Friday, June 19, 2015

Stumbling and Bumbling

One of the cruelties of sports is that often times the sad decline of an athlete's abilities and skills are captured on film or video.  I can still remember the NFL Films footage of Johnny Unitas playing out the string with the San Diego Chargers around 1974 getting barely tapped by a Pittsburgh Steelers player and stumbling backwards before ending up heels over head on the ground.  There is also the film of forty-something Willie Mays falling down while trying to field a routine fly ball for the New York Mets.  You also have the dramatized scene from Pride of the Yankees where Gary Cooper portraying Lou Gehrig can't believe that his teammates are congratulating him for making a routine play at first base and realizing that the disease that will eventually kill him has taken a major toll on his skills and that it might be time to sit out a game.

Last night, watching Tiger Woods stumble his way around Chambers Bay golf course en route to a career-worst 80 in the first round of the US Open I flashed back to all of those scenes.  Fifteen years to the day that Tiger beat the rest of the field by 15-strokes at the US Open at Pebble Beach, he finished three shots worse than a 15-year old boy that qualified for the tournament as well.  And because he is TIGER WOODS, THE ONLY GOLFER CASUAL FANS CARE ABOUT, all 80 of those shots were shown on Fox Television--many of them in primetime.

Tiger's Unitas, Mays or Gehrig "moment" came on the 18th hole when he cold-topped a 3-wood from the fairway (one of the few fairways he hit the entire day) and hit a ground ball that ended up in an 8-foot deep bunker that everyone before the tournament stated that no professional would ever hit it in because of it's location.  And sure enough, the only pro to hit it there yesterday was Tiger Woods.  But as the ball was rolling into the bunker I heard something that I had never heard before when it comes to Tiger (perhaps because it sounded like Fox gave every patron with their own microphone): the fans were laughing at him.  And it was not the "Tiger is laughing at making another unbelievably great shot and we are laughing with him" deal.  This was a "Holy crap this guy is terrible" kind of laugh.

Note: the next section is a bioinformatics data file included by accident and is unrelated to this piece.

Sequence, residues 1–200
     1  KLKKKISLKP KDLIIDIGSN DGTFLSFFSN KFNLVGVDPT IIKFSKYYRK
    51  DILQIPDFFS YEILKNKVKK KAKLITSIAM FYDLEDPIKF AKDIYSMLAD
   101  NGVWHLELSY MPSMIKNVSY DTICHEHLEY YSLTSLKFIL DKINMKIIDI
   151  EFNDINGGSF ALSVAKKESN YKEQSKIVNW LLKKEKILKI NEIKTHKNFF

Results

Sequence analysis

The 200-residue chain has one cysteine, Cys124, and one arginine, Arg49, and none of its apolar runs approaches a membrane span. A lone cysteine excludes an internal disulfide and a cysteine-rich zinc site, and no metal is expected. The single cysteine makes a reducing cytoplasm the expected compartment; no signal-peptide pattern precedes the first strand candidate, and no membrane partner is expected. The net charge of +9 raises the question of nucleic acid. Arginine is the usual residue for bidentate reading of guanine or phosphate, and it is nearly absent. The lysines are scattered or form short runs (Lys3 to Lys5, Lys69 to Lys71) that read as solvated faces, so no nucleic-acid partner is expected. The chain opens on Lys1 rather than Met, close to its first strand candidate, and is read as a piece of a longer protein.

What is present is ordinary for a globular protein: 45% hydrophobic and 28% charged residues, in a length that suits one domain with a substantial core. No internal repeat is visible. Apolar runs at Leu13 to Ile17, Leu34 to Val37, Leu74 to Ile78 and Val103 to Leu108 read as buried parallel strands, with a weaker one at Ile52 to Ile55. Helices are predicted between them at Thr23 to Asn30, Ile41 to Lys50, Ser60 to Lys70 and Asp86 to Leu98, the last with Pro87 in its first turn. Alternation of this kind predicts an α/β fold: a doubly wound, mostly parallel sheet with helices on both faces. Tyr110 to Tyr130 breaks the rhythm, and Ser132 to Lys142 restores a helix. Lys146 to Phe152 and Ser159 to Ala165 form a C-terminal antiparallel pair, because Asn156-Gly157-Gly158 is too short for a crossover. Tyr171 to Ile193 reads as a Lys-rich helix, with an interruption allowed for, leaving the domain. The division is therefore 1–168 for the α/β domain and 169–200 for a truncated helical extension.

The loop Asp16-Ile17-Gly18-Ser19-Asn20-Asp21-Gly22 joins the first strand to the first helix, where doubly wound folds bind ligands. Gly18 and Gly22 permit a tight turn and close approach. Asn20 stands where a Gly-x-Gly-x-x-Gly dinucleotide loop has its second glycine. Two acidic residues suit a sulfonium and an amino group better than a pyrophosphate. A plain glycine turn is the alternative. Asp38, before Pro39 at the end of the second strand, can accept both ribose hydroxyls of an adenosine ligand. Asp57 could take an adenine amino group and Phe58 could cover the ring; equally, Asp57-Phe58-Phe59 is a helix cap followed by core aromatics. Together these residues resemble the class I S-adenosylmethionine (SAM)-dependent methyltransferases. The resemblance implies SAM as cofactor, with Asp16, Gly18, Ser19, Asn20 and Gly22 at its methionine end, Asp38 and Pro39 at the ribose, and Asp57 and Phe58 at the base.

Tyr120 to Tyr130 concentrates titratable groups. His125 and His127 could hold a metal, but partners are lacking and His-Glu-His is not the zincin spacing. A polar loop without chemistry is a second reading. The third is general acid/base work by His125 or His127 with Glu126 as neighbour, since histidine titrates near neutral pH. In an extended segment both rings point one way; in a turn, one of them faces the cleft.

Another classic sports shot I'll always remember came from a late December Monday Night Football game between the Minnesota Vikings and the Chicago Bears where the camera found the gray-haired Brett Favre sitting on the bench bundled up in a parka and a stocking cap looking like a man who wanted to be anywhere but on an NFL football field on a freezing cold night.  And after that grounder into the bunker on 18 I saw that same look on the face of Tiger Woods--he wanted to be anywhere but on a golf course yesterday.  And for a man who for more than a decade was nearly unbeatable on that stage to reach that point, you have to wonder how much more he has (or is willing to) give.

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